In the Karakhan Manifesto of 1919, the Soviet government offered to annul the unequal treaties imposed on China by Imperial Russia. The declaration, signed by Deputy Commissar of Foreign Affairs Lev M. Karakhan, included rights of extraterritoriality for Russians in China, economic concessions, and Russia's share of the Boxer rebellion indemnity. Though dated July 25, 1919, it was not actually published for another month. Civil war prevented its delivery to China, but the Beijing authorities soon learned its substance.
Controversy arose because the document was prepared in two versions. One variant contained the statement that "the Soviet Government returns to the Chinese people, without any compensation, the Chinese Eastern Railway [CER]… ." The versionpublished in Moscow in August 1919 did not include this provision, but the copy that was delivered to Chinese diplomats in February 1920 did incorporate the offer to return the CER. However, a Soviet proposal on September 27, 1920, for a Sino-Russian agreement made no mention of returning the Chinese Eastern Railway, but requested a new agreement for its joint administration by the two nations. All subsequent Soviet reprintings of the Karakhan Manifesto omit the offer to return the CER, while a Chinese reprinting of the document in 1924 included the offer. The existence of two versions manifests the ambiguity in Soviet policy toward the Far East in 1919 and 1920, arising from the unpredictable course of the civil war and foreign intervention. Thereafter, the consolidation of Bolshevik power in Siberia, combined with continuing instability in China, led Moscow to seek some degree of control over the economically and strategically important CER.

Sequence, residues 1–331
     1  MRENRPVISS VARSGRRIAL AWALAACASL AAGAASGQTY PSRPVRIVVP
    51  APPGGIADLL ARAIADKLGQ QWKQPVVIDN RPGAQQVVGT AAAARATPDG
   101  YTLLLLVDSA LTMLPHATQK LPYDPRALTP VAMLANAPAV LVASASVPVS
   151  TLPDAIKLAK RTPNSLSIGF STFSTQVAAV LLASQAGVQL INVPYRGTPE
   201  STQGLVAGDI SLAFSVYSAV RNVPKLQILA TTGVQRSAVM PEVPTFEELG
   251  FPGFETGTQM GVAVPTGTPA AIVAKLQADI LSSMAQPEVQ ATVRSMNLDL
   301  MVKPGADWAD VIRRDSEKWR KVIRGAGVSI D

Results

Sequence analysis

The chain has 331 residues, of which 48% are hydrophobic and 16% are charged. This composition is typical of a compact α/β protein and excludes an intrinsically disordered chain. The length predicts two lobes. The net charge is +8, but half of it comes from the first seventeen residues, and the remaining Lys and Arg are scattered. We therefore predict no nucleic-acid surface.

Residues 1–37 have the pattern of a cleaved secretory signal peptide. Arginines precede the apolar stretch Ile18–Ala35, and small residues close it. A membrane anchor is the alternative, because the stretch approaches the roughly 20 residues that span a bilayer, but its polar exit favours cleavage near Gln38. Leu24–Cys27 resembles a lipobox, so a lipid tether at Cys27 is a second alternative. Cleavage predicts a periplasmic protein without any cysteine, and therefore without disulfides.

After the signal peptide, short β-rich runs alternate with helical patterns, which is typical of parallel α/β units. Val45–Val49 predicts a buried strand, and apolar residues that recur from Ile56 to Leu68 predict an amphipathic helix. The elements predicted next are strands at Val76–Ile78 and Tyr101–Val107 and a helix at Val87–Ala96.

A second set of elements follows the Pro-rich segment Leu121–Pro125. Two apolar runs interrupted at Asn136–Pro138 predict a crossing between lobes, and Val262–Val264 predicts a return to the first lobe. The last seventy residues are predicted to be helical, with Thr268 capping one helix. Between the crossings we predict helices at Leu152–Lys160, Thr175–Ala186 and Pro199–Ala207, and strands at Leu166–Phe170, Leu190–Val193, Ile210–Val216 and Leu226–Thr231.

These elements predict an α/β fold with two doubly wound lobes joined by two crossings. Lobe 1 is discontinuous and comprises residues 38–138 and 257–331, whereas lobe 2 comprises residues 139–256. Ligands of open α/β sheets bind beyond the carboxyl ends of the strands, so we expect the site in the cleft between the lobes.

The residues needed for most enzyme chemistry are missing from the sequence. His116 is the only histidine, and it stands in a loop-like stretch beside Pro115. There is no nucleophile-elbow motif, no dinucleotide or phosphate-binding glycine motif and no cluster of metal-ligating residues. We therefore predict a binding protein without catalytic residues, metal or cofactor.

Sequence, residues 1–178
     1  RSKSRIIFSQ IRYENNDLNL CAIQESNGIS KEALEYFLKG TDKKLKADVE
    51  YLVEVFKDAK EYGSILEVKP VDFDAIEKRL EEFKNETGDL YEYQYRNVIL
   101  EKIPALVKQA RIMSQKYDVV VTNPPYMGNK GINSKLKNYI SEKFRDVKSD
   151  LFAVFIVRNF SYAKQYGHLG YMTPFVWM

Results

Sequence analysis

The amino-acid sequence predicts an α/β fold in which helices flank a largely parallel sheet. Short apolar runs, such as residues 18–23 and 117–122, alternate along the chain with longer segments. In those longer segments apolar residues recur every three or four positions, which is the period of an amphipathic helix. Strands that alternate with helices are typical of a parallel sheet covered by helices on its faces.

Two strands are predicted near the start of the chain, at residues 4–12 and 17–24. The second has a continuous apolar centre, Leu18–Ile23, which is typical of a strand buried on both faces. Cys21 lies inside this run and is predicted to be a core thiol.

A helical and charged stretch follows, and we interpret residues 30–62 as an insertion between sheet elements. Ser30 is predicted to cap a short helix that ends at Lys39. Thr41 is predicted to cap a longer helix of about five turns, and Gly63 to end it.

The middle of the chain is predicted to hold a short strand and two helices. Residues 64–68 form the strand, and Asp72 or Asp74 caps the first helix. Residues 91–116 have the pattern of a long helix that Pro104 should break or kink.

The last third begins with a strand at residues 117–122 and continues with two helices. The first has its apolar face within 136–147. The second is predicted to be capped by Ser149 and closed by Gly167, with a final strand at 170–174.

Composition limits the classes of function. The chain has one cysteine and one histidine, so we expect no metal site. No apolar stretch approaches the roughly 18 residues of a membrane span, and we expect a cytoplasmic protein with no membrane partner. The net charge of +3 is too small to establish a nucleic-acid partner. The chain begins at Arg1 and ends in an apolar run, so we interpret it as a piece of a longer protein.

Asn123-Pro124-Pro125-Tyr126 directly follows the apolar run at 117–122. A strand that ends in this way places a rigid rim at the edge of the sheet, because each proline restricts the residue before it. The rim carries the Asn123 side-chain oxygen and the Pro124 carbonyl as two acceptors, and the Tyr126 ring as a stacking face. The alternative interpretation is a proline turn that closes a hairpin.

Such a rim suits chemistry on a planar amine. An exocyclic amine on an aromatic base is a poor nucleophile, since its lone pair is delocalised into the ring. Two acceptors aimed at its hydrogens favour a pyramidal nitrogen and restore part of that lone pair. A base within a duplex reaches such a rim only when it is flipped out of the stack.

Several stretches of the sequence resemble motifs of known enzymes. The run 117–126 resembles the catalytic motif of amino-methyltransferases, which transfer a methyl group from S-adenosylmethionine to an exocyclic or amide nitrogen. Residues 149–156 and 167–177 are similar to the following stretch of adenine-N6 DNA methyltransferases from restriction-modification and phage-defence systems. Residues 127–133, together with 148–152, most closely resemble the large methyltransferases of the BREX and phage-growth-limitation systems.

See also: china, relations with; civil war of 1917–1922; railways
Degras, Jane, ed. (1951). Soviet Documents on Foreign Policy, Vol. 1: 1917–1924. London: Oxford University Press.
Teddy J. Uldricks